The Washington Center for Yemeni Studies hosted a panel discussion “The Role of the UN Envoys for Yemen: Challenges and Prospects” via zoom, on the occasion of publishing their latest Study, “The Role of the United Nations in Yemen During the Past Decade” with the honorable guest speakers:
* Marwan Ali: Former UN Director of Political Affairs in the Office of the UN Envoy.
* Dr. Najeeb Ghanem: Former Minister and Member of the Yemeni Parliament.
Moderated by: Fernando Carvajal: Analyst and Former Member of The UNSC Panel of Experts on Yemen.
Mr. Marwan Ali started the discussion by noting that it is unfortunate that people view the United Nations as the body that can solve the problem, although that is far from the truth. From his point of view, the United Nations reflects the will of the international community, the regional and local dynamics, and it has a neutral role as opposed to the parties of the conflict. The mandate also prevents the UN Envoy from doing what he believes and abides him by what it dictates. Ali further explained that the war in Yemen arose from the Arab Spring, a general movement against the regimes in power, mainly driven by economic demands. The international community continues to overlook the status of the economy when negotiating solutions to the conflict. Ali hoped that the new UN envoy, Hans Grundberg, would consider the economic situation at the forefront of the negotiations and the proposed solutions.
Ali remarked on the initiative of the Gulf Cooperation Council countries during the era of Jamal Benomar, who served as the UN Special Envoy to Yemen from 2011-2015. He pointed out some of the problems that tainted the conference and what emerged from it. Including its failure to absorb the Southern Movement, which was not satisfied with the minimum level of representation it had received in the National Dialogue Conference (NDC), Where Ansar Allah (the Houthis) had a seat at the table. Ali acknowledged that the main issues in the Yemeni conflict were, and continue to be, the culmination of the Southern Movement and the Houthis. Ali concluded that the current foremost players in Yemen are the Southern Transitional Council (STC) and Ansar Allah (The Houthis), as they control most of Yemen.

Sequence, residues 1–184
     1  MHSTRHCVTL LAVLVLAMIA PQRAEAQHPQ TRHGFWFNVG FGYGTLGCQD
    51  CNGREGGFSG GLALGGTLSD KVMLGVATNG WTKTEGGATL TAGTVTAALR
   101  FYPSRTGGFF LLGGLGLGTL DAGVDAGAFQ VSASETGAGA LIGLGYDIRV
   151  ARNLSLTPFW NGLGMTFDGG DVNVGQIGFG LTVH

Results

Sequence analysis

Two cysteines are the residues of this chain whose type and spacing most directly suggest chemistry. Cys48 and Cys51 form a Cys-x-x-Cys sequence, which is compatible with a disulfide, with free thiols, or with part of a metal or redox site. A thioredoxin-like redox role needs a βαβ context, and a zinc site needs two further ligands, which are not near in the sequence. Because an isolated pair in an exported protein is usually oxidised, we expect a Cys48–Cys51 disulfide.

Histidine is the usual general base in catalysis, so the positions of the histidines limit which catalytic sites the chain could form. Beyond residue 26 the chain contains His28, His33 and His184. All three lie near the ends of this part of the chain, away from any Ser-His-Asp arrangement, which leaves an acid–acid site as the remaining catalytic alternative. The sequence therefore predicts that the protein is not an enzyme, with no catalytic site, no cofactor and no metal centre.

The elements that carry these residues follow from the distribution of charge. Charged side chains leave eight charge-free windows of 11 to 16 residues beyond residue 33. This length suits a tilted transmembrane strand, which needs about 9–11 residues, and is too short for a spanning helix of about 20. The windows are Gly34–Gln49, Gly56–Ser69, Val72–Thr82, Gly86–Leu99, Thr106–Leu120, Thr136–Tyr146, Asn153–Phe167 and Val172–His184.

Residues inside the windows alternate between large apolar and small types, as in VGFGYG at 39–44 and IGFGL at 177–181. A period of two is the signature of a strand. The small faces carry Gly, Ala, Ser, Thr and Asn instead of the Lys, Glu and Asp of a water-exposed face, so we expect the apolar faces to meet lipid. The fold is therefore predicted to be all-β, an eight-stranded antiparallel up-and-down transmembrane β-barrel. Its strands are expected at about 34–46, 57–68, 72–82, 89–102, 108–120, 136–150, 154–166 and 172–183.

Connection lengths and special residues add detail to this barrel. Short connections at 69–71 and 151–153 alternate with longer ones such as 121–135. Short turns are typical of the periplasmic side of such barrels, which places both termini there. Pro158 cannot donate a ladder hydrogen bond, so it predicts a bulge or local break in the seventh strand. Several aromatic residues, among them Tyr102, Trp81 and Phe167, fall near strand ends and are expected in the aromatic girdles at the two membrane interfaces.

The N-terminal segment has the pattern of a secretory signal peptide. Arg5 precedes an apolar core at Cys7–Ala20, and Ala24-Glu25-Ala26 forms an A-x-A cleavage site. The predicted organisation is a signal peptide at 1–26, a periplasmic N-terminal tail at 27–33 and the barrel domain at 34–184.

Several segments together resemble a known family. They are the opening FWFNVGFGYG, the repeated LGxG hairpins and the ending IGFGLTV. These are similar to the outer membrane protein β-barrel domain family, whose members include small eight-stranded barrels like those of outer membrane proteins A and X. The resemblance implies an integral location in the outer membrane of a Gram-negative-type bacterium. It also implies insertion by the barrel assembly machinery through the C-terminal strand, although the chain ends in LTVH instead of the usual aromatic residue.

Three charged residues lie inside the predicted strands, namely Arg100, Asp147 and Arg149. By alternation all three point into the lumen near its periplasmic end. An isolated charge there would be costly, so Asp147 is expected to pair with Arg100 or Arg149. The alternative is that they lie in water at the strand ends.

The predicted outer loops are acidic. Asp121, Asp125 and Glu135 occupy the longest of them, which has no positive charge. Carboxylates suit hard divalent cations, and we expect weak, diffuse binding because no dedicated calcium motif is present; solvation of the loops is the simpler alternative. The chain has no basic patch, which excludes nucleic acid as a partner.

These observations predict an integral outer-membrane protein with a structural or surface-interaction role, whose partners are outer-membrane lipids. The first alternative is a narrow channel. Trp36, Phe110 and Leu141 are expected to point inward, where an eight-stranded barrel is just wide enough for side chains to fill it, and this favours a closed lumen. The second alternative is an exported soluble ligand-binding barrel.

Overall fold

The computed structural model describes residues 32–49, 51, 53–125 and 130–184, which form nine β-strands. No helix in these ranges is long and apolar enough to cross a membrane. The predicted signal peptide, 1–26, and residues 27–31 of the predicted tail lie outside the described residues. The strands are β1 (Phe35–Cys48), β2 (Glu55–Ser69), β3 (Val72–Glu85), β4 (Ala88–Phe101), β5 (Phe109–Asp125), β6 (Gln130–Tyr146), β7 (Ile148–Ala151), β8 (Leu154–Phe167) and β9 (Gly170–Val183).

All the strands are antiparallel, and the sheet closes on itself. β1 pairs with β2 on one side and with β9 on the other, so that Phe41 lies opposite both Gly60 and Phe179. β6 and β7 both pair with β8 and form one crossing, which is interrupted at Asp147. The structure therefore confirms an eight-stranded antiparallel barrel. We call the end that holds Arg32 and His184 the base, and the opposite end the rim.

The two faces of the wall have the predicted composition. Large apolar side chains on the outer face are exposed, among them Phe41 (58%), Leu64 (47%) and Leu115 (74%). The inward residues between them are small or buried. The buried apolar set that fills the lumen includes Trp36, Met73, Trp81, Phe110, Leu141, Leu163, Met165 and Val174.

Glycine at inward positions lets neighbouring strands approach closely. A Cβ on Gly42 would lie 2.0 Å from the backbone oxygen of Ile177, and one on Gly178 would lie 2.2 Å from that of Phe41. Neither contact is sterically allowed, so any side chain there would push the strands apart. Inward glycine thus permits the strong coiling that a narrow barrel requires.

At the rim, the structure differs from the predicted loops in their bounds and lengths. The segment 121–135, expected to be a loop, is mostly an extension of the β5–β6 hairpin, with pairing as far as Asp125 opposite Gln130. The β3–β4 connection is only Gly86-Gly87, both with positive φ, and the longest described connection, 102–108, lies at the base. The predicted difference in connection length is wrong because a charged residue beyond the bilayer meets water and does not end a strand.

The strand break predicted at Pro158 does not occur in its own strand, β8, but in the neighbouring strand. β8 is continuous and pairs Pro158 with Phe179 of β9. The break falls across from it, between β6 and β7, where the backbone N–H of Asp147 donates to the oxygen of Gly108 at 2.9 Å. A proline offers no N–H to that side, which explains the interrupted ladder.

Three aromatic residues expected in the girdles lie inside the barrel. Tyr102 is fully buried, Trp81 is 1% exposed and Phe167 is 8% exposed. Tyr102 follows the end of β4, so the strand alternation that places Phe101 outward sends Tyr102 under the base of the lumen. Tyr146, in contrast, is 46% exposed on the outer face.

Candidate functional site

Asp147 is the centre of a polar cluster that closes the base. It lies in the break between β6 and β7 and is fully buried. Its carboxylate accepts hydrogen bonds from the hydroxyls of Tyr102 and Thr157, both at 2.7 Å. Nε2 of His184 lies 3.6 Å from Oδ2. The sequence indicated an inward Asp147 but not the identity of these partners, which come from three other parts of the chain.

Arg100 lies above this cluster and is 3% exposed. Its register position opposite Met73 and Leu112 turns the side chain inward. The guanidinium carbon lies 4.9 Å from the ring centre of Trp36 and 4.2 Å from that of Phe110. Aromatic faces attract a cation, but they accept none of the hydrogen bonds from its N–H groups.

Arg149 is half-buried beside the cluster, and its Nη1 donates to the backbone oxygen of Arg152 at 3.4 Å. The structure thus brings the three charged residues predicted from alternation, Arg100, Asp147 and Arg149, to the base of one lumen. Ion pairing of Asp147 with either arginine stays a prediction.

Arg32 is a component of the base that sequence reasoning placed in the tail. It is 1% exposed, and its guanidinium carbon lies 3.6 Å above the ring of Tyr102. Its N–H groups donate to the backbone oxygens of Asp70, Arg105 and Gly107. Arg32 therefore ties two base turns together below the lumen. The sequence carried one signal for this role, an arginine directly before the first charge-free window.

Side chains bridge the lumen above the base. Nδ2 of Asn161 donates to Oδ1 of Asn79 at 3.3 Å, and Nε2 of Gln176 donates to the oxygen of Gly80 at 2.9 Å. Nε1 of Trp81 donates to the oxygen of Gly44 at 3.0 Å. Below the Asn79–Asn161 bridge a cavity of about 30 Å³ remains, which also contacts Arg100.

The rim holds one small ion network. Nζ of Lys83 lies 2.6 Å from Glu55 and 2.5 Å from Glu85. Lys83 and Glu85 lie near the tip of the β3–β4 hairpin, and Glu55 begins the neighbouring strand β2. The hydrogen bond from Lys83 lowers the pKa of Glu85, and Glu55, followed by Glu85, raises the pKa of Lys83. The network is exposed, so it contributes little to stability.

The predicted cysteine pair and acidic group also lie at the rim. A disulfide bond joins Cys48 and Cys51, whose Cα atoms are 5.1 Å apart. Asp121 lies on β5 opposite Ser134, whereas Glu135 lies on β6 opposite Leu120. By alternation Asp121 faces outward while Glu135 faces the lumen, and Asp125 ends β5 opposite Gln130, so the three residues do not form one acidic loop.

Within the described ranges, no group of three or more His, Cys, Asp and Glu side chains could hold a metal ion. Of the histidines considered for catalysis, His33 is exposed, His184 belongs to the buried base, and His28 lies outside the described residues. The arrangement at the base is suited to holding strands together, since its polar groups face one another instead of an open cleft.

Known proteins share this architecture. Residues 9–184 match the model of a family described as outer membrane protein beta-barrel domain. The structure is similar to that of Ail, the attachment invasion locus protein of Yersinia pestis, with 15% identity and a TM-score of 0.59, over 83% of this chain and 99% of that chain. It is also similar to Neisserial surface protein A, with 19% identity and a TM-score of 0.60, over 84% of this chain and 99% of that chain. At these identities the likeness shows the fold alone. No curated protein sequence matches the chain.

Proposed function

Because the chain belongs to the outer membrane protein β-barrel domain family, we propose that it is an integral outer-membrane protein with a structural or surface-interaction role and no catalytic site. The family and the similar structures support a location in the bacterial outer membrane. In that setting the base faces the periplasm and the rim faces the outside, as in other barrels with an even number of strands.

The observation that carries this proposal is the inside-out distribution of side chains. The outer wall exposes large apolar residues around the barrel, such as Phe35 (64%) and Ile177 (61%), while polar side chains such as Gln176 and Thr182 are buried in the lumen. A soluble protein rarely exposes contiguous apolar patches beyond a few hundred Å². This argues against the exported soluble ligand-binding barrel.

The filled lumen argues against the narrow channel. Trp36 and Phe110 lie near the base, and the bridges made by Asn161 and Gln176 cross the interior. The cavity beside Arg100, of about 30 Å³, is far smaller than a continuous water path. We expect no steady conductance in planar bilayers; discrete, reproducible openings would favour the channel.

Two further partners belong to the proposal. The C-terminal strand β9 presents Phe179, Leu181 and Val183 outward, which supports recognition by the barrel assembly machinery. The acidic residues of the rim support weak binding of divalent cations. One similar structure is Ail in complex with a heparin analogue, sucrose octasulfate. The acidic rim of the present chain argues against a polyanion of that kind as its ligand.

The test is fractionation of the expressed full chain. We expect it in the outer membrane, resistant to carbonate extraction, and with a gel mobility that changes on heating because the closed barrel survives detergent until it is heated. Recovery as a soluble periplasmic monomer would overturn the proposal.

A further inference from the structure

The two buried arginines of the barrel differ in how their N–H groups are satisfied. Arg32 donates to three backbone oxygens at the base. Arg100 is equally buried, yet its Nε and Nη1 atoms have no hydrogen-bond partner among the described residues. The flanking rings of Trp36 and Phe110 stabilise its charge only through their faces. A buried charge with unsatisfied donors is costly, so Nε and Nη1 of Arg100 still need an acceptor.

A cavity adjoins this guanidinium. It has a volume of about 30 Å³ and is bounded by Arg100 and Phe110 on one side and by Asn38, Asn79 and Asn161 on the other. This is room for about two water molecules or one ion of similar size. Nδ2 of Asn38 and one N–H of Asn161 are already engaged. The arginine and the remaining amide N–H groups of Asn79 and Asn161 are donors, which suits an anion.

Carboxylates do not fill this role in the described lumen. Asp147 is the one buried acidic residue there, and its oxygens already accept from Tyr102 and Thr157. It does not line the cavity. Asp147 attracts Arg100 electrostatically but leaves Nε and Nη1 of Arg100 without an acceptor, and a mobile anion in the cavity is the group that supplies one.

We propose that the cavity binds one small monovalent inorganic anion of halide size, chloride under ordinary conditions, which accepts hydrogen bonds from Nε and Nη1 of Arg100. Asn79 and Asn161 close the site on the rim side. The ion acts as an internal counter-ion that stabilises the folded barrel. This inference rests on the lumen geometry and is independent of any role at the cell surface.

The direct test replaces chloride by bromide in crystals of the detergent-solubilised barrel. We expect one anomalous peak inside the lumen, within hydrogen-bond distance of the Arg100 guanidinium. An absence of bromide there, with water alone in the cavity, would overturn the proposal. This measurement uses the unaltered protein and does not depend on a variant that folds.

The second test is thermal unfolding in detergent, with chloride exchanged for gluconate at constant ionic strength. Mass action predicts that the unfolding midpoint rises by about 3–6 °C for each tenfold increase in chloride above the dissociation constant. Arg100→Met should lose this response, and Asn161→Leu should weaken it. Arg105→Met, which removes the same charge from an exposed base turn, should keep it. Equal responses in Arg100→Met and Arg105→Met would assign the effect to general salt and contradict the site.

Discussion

Ali went on to praise the role played by Jamal Benomar, which he considered to be a “wonderful” job, even though he did not have the sufficient authority to impose any solutions on the Yemenis. Ali held the Yemeni parties responsible for the delay in resolving the conflict due to their internal differences and the disputes between the parties of the internationally recognized government of Yemen. Unless the Houthis and the legitimate Yemeni government agree on a solution, the United Nations cannot impose that on them, adding that the Gulf initiative was not exclusively for the interest of Yemen but also took into account the interest of the Gulf countries involved.
According to Ali, the STC and the Houthis are well-organized ideological groups that put them at an advantage ahead of the internationally recognized government of Yemen that is composed of conflicting parties, which the Riyadh Agreement failed to unify in the face of the conflict.
Ali further analyzed the recent visit of the US envoy, Tim Lenderking, to Aden and the UN envoy, Hans Gundberg, to Taiz to be a step on the right path to bring Yemenis together to reach an agreement and an opportunity for the international and regional community to provide support for this measure. Ali stressed the need to involve the Yemeni people in finding a solution and pressuring the parties to reach an agreement, unlike the Stockholm Agreement that was not the work of the United Nations, rather a collective initiative from the regional powers and the international community. Despite the different Yemeni parties having links with regional actors, the agreement did not amount to much, either in the prisoners’ file or in the work of the Special Mission. According to Ali, the United Nations does not have the freedom to act, and the UN envoy is only a facilitator.